Turkey’s economy grew 0.9 percent year-on-year in the third quarter, breaking three consecutive quarters of contraction as it shook off a recession which followed last year’s currency crisis.
Turkey has a track record of 5 percent growth, but a 30 percent slide in the lira last year pushed up inflation and interest rates, while domestic demand tumbled. The central bank has since slashed rates to revive activity.
Monday’s data was in line with a Reuters poll which forecast 1 percent year-on-year expansion in the third quarter. The poll also predicted that the economy will grow 0.5 percent in 2019 as a whole.
The government has forecast 5 percent growth next year, and Finance Minister Berat Albayrak wrote on Twitter that leading indicators for the fourth quarter showed growth momentum was continuing to increase. But economists say achieving the government’s target could prove difficult.
“The key issue for me is that there is still not that much confidence among households and corporates,” said Piotr Matys, emerging markets forex strategist at Rabobank.
He said authorities needed to make significant progress on economic reforms to restore confidence amongst investors and locals, with efforts so far having focused mainly on short-term solutions.
The third quarter growth was driven by the agricultural sector which expanded 3.8 percent, while industry grew 1.6 percent and services grew 0.6 percent. However, the construction sector, which underpinned years of strong economic growth in Turkey, shrank 7.8 percent, the Turkish Statistical Institute data (TUIK) said.
The lira was at 5.7550 against the dollar after the data, weakening from 5.74 beforehand.
Compared to the second quarter, gross domestic product expanded by a seasonally and calendar-adjusted 0.4 percent, its third positive quarter-on-quarter reading in a row, TUIK data showed.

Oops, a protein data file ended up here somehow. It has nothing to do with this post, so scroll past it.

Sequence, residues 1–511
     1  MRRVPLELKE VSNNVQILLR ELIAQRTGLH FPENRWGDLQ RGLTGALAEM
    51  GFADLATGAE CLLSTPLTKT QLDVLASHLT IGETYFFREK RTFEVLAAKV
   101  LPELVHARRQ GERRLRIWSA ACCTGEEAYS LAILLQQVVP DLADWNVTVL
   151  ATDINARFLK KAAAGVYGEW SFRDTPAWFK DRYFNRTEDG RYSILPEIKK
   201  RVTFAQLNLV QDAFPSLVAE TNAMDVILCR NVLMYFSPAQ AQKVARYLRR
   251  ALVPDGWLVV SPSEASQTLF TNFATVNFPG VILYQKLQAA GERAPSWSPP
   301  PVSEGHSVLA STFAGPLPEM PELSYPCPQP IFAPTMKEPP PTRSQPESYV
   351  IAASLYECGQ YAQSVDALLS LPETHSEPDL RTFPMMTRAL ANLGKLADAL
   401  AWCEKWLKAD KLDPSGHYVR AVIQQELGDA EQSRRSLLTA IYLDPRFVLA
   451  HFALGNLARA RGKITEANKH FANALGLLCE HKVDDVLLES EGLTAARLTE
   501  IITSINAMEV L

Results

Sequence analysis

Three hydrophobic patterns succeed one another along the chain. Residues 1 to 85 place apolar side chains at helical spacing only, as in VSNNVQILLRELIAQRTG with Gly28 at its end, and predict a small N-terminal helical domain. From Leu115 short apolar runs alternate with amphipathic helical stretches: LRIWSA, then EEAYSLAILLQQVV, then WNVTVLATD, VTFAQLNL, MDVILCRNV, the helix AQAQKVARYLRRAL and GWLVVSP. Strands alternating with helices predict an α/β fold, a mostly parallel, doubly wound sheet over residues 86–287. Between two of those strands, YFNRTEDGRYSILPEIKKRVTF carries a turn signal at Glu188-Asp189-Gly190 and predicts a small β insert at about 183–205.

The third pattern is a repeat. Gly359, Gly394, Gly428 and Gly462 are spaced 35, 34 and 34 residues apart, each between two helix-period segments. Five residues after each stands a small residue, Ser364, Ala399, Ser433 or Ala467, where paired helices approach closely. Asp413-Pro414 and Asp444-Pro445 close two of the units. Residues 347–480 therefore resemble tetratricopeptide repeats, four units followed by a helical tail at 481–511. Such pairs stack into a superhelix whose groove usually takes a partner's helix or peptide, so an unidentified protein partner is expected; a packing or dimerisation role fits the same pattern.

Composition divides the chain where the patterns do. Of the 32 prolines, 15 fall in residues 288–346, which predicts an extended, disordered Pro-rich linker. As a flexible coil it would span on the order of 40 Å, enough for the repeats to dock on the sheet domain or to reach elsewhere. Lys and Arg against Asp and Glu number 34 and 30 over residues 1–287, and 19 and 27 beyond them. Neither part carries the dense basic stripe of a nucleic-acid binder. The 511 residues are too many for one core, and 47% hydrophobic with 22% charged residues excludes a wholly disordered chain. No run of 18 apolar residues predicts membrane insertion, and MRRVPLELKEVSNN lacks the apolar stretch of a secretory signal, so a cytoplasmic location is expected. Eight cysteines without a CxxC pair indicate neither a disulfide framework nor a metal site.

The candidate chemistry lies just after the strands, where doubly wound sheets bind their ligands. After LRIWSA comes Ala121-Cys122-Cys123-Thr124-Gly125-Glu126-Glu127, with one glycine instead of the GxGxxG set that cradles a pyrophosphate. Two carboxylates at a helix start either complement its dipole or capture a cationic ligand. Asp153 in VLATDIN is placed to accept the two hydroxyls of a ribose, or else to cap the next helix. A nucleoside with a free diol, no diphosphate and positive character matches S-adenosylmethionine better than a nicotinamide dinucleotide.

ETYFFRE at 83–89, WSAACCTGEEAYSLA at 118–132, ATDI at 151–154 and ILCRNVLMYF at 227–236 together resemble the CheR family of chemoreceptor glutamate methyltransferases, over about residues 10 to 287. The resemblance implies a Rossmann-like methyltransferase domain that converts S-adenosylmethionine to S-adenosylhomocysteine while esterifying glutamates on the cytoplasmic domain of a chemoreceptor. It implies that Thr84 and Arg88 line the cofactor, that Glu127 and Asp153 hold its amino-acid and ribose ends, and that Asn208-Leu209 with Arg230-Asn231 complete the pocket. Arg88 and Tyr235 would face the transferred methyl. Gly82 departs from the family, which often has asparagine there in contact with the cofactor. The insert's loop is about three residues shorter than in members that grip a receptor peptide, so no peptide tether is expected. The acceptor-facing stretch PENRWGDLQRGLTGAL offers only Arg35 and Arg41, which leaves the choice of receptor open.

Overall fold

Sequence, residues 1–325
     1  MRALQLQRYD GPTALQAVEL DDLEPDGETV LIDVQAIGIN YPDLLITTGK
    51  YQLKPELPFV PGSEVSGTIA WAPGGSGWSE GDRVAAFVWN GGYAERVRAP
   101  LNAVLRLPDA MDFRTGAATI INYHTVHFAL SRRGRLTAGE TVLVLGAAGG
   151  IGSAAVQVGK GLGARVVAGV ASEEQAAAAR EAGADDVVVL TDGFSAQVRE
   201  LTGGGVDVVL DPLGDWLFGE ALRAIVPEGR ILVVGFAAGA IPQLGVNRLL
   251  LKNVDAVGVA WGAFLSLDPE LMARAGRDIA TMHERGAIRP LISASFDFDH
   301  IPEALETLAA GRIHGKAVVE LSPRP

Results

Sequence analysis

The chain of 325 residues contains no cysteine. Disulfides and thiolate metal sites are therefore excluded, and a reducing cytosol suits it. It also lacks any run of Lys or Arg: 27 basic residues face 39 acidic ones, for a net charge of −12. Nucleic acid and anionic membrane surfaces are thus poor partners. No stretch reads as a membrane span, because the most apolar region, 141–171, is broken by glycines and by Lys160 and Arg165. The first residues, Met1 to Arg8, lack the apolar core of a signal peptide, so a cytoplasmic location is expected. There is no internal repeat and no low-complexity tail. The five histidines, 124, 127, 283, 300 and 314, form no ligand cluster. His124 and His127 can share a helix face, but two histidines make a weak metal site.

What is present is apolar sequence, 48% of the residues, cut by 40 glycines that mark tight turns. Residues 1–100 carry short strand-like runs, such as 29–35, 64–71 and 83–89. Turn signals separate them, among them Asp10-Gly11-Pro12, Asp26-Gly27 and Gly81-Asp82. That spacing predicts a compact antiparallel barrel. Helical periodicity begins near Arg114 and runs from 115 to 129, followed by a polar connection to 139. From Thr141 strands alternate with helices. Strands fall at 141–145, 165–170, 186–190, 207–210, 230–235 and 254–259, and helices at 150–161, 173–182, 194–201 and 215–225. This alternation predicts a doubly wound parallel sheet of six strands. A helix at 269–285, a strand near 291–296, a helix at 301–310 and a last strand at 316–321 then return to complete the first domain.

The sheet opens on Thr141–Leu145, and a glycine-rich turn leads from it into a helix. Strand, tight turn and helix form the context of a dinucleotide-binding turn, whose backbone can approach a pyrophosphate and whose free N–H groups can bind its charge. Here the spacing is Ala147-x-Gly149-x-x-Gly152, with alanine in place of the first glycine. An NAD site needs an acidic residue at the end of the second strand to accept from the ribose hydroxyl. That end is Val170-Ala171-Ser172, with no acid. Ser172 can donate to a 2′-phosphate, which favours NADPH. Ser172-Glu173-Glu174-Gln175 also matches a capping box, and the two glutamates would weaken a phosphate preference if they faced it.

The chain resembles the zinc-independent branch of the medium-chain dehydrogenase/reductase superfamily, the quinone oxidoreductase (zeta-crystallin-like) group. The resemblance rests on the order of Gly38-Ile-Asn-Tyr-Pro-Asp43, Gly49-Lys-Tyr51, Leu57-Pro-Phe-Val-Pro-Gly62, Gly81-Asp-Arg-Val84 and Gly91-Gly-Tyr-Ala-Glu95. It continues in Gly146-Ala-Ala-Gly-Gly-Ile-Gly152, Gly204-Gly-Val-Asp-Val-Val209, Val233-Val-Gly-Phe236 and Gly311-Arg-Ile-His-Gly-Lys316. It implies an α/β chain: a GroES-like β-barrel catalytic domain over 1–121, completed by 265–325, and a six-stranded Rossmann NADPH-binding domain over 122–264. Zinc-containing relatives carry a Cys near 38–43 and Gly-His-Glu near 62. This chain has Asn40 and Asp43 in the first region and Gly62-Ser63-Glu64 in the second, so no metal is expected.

QNB Finansbank said in a note that private consumption was the major driver of growth quarter-on-quarter, but its contribution had weakened.
TUIK said exports increased 5.1 percent year-on-year in the quarter, while imports grew 7.6 percent.
As the economy has recovered, inflation tumbled to single digits in October due to base effects, and loan growth picked up thanks to central bank rate cuts. In the second quarter, the economy shrank a revised 1.6 percent year-on-year.
In late October, the central bank slashed its policy rate more than expected to 14 percent, continuing an aggressive bout of cuts from 24 percent since July to help revive the recession-hit economy.
The central bank governor subsequently said the bank had used a significant part of its leeway for loosening monetary policy. Last week, he said the bank will use required reserves to support real sector access to loans and loan growth. The government’s own sharply lowered forecast for the year envisages growth at 0.5 percent in 2019, and 5 percent in 2020.
QNB Finansbank said it revised its 2019 growth forecast to 0.6 percent from 0.8 percent after the data, and saw year-on-year growth for Q4 as likely to be above 4 percent.
A business survey on Monday showed Turkish manufacturing activity contracted in November as new orders slowed although output picked up.